Testing with the new signals and the modified logic analyzer formatting showed me two things right away. First, the sector number is indeed 0000 when gotsector fires, which is what it should be. Second, the fetched word to serialize is incorrect. Not sure why, but time to zoom in one the memory access as part of the WriteField process.
Time to look for race hazards or timing errors in my use of the memory access FSM. Another half hour of idling about until I could watch the signals I selected - bits 16 down to 1 of the memory address and the low order three bits of the fetched data word. I can easily check this against the contents of RAM which I can fetch through my USB link transactions.
It appears that it is a timing issue, which I hope I corrected by adding one extra cycle before loading the serializer with the output of the RAM access. I also switched the instrumentation to show the full output data word from memory.
It appears I am writing the contents correctly now - verified at least through the header and label records - but the checksum that is written out by WriteSector is not valid when doing a ReadSector. This is undoubtedly also a timing issue that just needs a bit of adjustment to get right.
As I suspected, the signals from testpoint 1 are clean, with no dips in the middle, when doing a read. Similarly, the separated data bits are clean and correct. This tells me that at least with this drive, it is not possible to 'loop back' the ReadClock and ReadData to check what is being written.
|Testpoint 1 while reading - sync bit 1 to left of center and first word x7900|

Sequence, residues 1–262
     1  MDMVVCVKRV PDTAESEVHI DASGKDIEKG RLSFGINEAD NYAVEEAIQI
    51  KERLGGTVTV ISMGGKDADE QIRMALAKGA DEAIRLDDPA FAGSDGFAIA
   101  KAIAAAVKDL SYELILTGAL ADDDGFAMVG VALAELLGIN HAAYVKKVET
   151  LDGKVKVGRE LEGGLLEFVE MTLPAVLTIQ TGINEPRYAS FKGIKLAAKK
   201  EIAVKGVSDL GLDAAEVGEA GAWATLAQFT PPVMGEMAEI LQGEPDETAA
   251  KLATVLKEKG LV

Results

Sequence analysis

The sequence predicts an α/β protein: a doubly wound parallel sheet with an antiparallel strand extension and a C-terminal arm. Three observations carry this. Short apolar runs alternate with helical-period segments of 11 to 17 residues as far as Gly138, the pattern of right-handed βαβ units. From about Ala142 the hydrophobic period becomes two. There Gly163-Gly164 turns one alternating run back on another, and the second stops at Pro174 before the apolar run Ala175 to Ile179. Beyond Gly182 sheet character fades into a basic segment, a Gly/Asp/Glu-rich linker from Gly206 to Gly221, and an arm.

|ReadData bits corresponding to signal above - good data separation|
I updated the checksum by XORing the last word of the record, then later output the checksum as the next output word for the serializer. Sounds correct, but in fact the latter step will use the old value of the checksum, prior to the XOR. Thus we leave off the value of the last word from the checksum.
The change was made, as well as displaying the running checksum on the logic analyzer - after the obligatory 30 minutes of processing - and I tested again. First I run a WriteSector and observe the checksums generated and written by the logic. If that passes, I will switch over and test a ReadSector.
As a means of testing checksum generation, I built a little spreadsheet and used that with the label record value of the real sector 0 I am trying to write. The checksum should be x7CF3 if it includes all eight words of the record.
|My spreadsheet to calculate checksum values for records|
When the new bitstream was ready, I set up the testbed and ran my WriteSector. The checksums were correct. When I ran the ReadSector, it completed with no checksum errors on any of the three records. I dumped the RAM up to the PC and validated that it was a word for word copy of what I tranferred down to RAM to write to sector 0.
I will call it a day - nice success point in the testing so I leave the testing on a high. Next up is to adapt or write a program so that I can easily set up all the sectors of cylinder 0, which had been inadvertently erased, into the RAM allowing me to restore all of cylinder 0 to the contents found in the xmsmall.dsk archive that matched this cartridge.